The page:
A.C. Green doesn't need any more reminders of that two-handed slam dunk he missed last weekend against the Denver Nuggets.
For one thing, there were national TV cameras present to capture the moment--Kareem Abdul-Jabbar throwing a full-court football pass to Green, who storms down the lane all alone, rises majestically for the shot . . . only to see it rejected by the rim and carom into the seats.
"As soon as I got home there was a message on my answering machine," Green said Saturday. "It was my mom, who said, 'That's OK, she still loves me.'
"My little nephews were outside playing--I might get off easy with them. My two older brothers probably won't talk to me. They're always telling me to dunk. They might get over it.
"And, my teammates are always reminding me."
Green can take the teasing, however. It's still better than last season, when those same teammates were telling him not to shoot at all.
"Last year, we'd put him in the corner and tell him, 'Don't move,' " Magic Johnson said. "Now we're looking for him. We get on him when he doesn't shoot it."
And Green, whose playoff contribution last season was negligible, has responded. The power forward, who averaged 2.4 points and 1.8 rebounds in the playoffs as a rookie and didn't play a minute in the Houston series, outscored both Johnson and Kareem Abdul-Jabbar in the Lakers' three-game sweep of the Nuggets.
Green averaged 18 points and 10 rebounds a game, including a 20-point output in Game 1. In the series clincher, Abdul-Jabbar and Johnson did not score a point in the first 17:46. Green, however, scored 11 of the Lakers' first 13 points and finished with 18 in a 140-103 blowout.
For the series, Green made his 18 points and 10 rebounds in just over 26 minutes a game, well above his regular-season averages of 10.8 points and 7.8 rebounds. Johnson averaged 17.7 points against Denver, Abdul-Jabbar 16.7.
"Green's the guy who killed us," Denver Coach Doug Moe said.
And Johnson went so far as to call Green "the key right now."
In the playoffs, of course, teams are even more inclined than usual to ignore Green and concentrate on the Lakers' big guns--Johnson, Abdul-Jabbar and James Worthy. It becomes Green's task, Coach Pat Riley said, to play a "parasitic" role.
"Kareem, Magic and James are always going to draw the bloodsuckers," Riley said. "And you just have to take advantage of that."
Green has become much more adept at reacting to double-teams on the Lakers' big three, Riley said, and finding the open lane to take a pass.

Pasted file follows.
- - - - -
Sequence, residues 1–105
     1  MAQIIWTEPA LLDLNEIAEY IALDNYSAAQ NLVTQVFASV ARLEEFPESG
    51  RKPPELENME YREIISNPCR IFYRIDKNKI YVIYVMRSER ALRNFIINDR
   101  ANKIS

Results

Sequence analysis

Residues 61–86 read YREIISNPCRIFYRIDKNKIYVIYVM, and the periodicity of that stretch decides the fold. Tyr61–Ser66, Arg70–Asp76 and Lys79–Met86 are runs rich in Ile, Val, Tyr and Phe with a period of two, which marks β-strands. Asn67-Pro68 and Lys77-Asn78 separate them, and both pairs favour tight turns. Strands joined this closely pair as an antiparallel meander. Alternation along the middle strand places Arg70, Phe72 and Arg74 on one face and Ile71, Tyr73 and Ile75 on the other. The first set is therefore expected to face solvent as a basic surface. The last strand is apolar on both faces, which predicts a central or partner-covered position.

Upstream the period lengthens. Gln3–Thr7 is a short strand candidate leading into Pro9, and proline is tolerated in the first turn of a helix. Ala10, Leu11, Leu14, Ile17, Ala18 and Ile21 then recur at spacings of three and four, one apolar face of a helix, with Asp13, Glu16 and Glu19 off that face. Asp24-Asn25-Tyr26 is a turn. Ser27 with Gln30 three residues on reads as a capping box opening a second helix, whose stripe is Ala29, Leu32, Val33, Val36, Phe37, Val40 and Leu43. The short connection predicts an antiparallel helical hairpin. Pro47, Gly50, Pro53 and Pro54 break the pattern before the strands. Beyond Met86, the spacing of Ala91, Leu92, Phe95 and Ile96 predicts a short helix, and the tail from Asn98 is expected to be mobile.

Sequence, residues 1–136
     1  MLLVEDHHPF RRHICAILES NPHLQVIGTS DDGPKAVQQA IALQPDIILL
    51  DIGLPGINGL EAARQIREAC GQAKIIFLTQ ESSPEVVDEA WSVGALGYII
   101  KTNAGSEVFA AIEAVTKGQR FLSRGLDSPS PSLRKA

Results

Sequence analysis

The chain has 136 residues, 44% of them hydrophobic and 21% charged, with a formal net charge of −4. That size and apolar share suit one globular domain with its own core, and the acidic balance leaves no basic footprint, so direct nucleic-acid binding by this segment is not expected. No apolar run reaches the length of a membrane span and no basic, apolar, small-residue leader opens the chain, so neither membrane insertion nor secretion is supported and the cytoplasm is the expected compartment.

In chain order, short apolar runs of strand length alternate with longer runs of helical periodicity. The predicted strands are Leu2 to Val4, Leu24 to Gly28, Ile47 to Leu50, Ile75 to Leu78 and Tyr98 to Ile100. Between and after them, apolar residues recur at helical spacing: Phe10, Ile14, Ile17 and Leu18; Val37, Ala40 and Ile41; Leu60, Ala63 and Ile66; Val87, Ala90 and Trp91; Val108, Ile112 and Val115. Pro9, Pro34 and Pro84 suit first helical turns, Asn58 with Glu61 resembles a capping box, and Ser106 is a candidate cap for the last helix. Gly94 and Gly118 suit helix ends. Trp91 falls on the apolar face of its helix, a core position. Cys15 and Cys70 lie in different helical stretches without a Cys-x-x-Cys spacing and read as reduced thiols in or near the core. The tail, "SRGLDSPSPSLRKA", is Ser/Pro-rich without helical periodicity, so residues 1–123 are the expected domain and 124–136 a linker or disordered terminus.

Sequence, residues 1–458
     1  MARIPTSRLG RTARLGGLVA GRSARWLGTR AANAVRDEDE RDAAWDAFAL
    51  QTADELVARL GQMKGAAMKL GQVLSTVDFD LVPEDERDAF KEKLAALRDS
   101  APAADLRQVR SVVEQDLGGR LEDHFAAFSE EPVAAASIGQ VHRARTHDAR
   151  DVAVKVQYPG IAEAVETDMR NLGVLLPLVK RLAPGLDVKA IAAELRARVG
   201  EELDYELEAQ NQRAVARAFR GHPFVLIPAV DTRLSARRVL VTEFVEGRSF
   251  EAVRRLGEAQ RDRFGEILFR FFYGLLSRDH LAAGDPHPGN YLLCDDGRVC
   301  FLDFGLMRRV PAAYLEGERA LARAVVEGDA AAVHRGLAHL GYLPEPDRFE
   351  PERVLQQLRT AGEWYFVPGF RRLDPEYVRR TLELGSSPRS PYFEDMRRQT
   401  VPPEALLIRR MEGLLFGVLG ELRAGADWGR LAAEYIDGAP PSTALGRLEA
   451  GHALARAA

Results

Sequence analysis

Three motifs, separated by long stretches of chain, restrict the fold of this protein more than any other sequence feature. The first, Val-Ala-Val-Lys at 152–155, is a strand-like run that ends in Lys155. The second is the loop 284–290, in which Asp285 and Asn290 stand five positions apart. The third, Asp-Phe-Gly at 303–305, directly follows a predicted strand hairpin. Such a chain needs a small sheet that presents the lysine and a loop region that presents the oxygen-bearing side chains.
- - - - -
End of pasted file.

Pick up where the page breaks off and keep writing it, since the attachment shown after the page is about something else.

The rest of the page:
"You really have to make yourself available for scoring passes and not just clearing out of there," Riley said. "When there is a double-team, we want a guy working free to get a shot, or make the first pass to set up another shot."
Twice in the opening moments last Wednesday, Green snaked down the baseline from the opposite side of the court to receive passes from Abdul-Jabbar and Johnson and score baskets.
"He's a great catcher," Riley said. "And he knows how to go up for shots under the basket--sometimes from behind the backboard. Those are not layups--those are tough shots. Plus, he gets fouled."
It was Riley's decision to keep the wraps on Green offensively--and to play Maurice Lucas ahead of Green against the Rockets.
"We got Maurice Lucas for his power and his experience," Riley said. "And I wasn't going to split minutes.
"A.C.'s mental approach is very different this season. Last year, he was totally deferring. He never looked to shoot the ball and his offensive moves were very indecisive.
"That was my fault. He was told by me to rebound and play defense. Now, however, his confidence is so amazing."
Last season, Green said he was experiencing everything for the first time--including the playoffs. "Being a new guy, I was just happy to be around," he said.
This spring, he'd like to make an impact, fulfilling the potential Laker General Manager Jerry West recognized when he made Green the 23rd pick in the 1985 draft.
He literally screams for the chance--or haven't you noticed his full-throated roars when he goes up for an offensive rebound?
"That probably happens when I get totally intense and into the game," Green said, almost abashedly. "That's my guess. I'm not really sure."
Said Riley with a smile: "I'd prefer a good, hard grunt, but he's just making a great effort. . . . and exhaling."